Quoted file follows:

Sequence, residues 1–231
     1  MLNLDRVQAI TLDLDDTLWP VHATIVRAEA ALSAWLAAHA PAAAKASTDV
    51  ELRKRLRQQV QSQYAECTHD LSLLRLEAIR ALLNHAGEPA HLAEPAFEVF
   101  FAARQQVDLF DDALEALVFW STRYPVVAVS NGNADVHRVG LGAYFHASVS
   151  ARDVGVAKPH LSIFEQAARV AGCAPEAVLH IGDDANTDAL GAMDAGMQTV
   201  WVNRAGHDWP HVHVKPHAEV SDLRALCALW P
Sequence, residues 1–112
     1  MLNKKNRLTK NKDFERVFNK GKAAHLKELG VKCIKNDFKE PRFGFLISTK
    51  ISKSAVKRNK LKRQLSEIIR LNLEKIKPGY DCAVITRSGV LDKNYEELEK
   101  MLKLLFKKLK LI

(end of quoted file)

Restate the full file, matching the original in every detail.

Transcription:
Sequence, residues 1–231
     1  MLNLDRVQAI TLDLDDTLWP VHATIVRAEA ALSAWLAAHA PAAAKASTDV
    51  ELRKRLRQQV QSQYAECTHD LSLLRLEAIR ALLNHAGEPA HLAEPAFEVF
   101  FAARQQVDLF DDALEALVFW STRYPVVAVS NGNADVHRVG LGAYFHASVS
   151  ARDVGVAKPH LSIFEQAARV AGCAPEAVLH IGDDANTDAL GAMDAGMQTV
   201  WVNRAGHDWP HVHVKPHAEV SDLRALCALW P
Sequence, residues 1–112
     1  MLNKKNRLTK NKDFERVFNK GKAAHLKELG VKCIKNDFKE PRFGFLISTK
    51  ISKSAVKRNK LKRQLSEIIR LNLEKIKPGY DCAVITRSGV LDKNYEELEK
   101  MLKLLFKKLK LI